When my grandmother got her first Roomba vacuum cleaner from iRobot (NASDAQ:IRBT) in 2003, my family viewed it as little more than a gimmick. While she kept it around for a year or two, it quickly found its way into the dust bin.
If I drew investment conclusions from personal interactions like this alone, I would consistently miss out on big winners. Case in point: Over the last five years, iRobot's stock is up over 375%, advancing over 80% from this February alone!
Big returns from a deep value stock
Tyler Crowe (Transocean): Most investors looking for multibagger stocks like iRobot are going to look at small growth stocks just waiting for that big catalyst. However, I think there's another place to look: deep value stocks. One industry right now that is in deep value territory is the offshore rig industry, and few companies stand out with the potential to produce astonishing returns over the next several years like Transocean does.
The offshore rig industry has been hit harder than every other aspect of the oil and gas industry. The higher costs associated with offshore development mean producers are electing to spend the small amount of capital they have on lower-cost sources like North American shale drilling. While this may be a short-term solution to make a quick buck while prices are low, shale won't be enough to replace production decline from around the world for long, prices will start to climb, and producers will start to employ rigs again.
When that does happen, Transocean will likely be a supplier of choice. It has used this downturn to completely transform its fleet into a younger, more capable suite of vessels that can handle harsh environments and complex drilling work. Management has also used the cash flow from legacy contracts to pay down debt and put the company in strong financial standing. When the market does turn, more of those revenue dollars should flow to the bottom line.
The reason this could turn into such a high-return stock is that shares of Transocean are currently priced like this is a dead company. Shares currently trade at a price to tangible book value of just 0.22 times. Keep in mind that Transocean's 10-year average price to tangible book valuation is 1.9 times. So, this is a stock that could be a multibagger before it even reverts to its mean value. That seems like quite the return potential to me.
Tracking billions of objects
Tim Green (Impinj): iRobot's robot vacuums have propelled the stock to impressive gains. Robots performing menial tasks seems to be an unstoppable trend, and iRobot should be at the center of it. Another trend is the Internet of Things, where billions of objects, not just computing devices, are connected to the internet. A lot of painfully dumb ideas, like this smart toaster, have emerged from the rise of IoT. But there's a lot of potential as well.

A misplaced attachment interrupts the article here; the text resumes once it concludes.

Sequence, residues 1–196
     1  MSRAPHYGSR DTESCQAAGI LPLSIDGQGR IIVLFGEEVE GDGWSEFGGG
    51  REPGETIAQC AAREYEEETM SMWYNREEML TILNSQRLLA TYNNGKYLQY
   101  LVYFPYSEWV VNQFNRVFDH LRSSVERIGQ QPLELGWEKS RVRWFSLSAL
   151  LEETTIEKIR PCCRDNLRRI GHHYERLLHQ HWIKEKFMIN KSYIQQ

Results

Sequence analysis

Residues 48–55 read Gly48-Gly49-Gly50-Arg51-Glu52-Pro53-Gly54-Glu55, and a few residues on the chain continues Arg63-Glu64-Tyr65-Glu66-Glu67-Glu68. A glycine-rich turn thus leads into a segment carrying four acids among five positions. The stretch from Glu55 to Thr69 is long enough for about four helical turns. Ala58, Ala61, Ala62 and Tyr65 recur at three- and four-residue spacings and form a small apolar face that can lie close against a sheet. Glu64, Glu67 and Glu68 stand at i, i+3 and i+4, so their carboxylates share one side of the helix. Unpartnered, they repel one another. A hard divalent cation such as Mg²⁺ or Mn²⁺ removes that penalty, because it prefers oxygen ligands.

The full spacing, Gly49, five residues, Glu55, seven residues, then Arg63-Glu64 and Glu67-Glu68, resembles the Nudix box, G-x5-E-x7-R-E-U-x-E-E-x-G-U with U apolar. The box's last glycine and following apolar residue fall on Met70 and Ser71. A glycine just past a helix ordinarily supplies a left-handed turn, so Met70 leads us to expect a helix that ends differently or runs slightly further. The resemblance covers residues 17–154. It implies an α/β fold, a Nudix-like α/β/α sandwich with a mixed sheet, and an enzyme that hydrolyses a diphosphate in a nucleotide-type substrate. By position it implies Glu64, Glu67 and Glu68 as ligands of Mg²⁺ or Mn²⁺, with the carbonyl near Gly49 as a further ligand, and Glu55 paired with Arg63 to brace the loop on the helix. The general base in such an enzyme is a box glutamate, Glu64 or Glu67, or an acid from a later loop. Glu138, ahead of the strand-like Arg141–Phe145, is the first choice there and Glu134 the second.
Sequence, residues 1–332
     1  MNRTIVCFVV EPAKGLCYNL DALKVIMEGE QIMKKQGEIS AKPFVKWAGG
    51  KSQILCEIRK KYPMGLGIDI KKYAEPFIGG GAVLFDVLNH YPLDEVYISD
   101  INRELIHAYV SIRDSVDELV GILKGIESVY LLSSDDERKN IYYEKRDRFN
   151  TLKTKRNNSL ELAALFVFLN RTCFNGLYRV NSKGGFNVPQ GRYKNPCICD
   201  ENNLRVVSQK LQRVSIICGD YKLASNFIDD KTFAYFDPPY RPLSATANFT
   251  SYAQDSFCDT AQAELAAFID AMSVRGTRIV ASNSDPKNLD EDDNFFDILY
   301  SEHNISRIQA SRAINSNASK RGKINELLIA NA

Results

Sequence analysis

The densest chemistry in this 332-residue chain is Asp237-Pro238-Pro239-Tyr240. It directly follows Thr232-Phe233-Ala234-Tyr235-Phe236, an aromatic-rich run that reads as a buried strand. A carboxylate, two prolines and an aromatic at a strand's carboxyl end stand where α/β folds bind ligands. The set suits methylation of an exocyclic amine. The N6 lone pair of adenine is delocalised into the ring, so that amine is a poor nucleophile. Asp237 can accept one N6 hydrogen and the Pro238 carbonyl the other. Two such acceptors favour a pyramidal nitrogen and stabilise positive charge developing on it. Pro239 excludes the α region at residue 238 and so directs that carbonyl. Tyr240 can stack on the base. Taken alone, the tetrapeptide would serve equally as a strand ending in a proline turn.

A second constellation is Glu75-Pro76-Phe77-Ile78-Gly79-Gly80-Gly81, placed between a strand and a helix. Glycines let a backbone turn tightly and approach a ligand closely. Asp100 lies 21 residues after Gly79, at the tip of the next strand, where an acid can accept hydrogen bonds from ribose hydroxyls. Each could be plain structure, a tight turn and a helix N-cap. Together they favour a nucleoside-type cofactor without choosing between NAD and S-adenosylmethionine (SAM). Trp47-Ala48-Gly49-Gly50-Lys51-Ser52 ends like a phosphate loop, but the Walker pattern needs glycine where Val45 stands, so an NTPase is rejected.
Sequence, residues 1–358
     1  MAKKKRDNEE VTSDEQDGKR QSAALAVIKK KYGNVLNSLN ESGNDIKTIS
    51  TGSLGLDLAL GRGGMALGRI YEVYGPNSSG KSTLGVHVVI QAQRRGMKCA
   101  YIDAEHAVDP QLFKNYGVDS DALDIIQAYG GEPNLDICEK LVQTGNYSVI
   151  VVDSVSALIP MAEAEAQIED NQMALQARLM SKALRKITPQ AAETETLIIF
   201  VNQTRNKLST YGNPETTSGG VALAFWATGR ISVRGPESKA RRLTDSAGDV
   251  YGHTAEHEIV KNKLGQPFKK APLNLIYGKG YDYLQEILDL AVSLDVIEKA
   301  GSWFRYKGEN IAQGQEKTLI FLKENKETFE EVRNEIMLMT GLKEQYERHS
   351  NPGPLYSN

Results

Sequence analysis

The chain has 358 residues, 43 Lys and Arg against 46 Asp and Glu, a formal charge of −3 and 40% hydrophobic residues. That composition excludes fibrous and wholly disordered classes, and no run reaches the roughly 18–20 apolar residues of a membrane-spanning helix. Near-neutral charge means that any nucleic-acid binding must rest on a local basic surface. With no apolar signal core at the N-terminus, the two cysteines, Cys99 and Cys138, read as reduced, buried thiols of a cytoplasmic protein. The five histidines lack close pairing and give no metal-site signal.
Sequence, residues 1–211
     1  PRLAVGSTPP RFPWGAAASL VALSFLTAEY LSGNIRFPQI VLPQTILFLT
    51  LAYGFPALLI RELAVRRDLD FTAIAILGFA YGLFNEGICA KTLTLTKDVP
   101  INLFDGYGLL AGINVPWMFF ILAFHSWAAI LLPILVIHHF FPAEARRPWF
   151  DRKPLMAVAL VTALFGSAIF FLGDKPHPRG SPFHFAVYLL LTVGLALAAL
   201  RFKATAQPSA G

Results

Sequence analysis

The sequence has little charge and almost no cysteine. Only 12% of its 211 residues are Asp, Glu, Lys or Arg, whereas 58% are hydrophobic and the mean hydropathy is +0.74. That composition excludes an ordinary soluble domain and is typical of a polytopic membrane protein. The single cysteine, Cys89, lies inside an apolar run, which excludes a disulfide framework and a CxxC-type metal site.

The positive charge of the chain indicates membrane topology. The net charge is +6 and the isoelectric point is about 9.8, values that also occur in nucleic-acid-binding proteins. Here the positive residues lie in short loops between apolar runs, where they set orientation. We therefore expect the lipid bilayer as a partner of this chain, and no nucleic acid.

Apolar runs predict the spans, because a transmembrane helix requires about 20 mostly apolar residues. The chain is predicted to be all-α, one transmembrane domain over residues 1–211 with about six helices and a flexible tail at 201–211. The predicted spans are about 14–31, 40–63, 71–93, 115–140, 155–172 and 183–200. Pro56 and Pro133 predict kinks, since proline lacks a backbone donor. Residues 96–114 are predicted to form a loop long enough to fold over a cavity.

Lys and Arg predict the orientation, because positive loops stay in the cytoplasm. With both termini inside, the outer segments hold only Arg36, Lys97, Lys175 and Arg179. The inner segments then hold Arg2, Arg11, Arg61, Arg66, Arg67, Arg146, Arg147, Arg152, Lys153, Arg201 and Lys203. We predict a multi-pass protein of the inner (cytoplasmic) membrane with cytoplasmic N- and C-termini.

Impinj is one company that stands to benefit. The company sells RFID solutions to a wide variety of industries, allowing individual objects to be tracked. These RFID chips cost just pennies each and are used by retailers to manage inventory and reduce losses due to theft, by warehouses to track the location of items, and even by restaurants to track customers and deliver food to the correct table.
Impinj expects to ship around 8 billion units in 2017, a 32% increase compared to 2016. The company is still small, with revenue of just $112 million last year, but as the cost of RFID chips continues to fall, the number of viable applications increases. There's no guarantee Impinj will produce great returns for investors, but there's certainly the potential.
The intersection of law enforcement, AI, and videos
Brian Stoffel (Axon): Last summer was an unfortunate reminder that police often use deadly force when doing their jobs. When you mix race into the equation, it can be a powder keg for unrest.
And yet, last summer, we saw first-hand that incidents backed up by video evidence of what occurred often had a significant effect on how communities and prosecutors proceeded. I don't think it would be a stretch to say that body cameras will be part of standard operating procedure in the not-too-distant future.
No company stands to benefit more than Axon, which is better known by its former name: TASER International. While the company still provides its eponymous stun guns, the recent decision to change names underscores a shifting focus to body cameras.
But it's not from the cameras themselves Axon plans to make money; in fact, the company recently announced that it would be giving them away for free to any department nationwide that wanted them! Instead, it is the Evidence.com platform for storing and analyzing video that will be the real money-maker.
Once police departments sign on to Evidence.com, they can use the AI-enabled analytics to drastically cut down on paperwork and use predictive algorithms to focus their efforts on productive policing. Switching away from the platform would not only be costly, it would create major headaches in retraining staff, and potentially losing critical footage needed to prosecute criminals.
While the stock is trading at a premium right now -- 70 times trailing earnings -- that is largely because the company is reinvesting heavily in the Evidence.com platform, a move that I think could yield iRobot-like returns for patient investors.
Brian Stoffel owns shares of Axon Enterprise. Timothy Green has no position in any stocks mentioned. Tyler Crowe owns shares of iRobot. The Motley Fool owns shares of and recommends Axon Enterprise and iRobot. The Motley Fool recommends Impinj. The Motley Fool has a disclosure policy.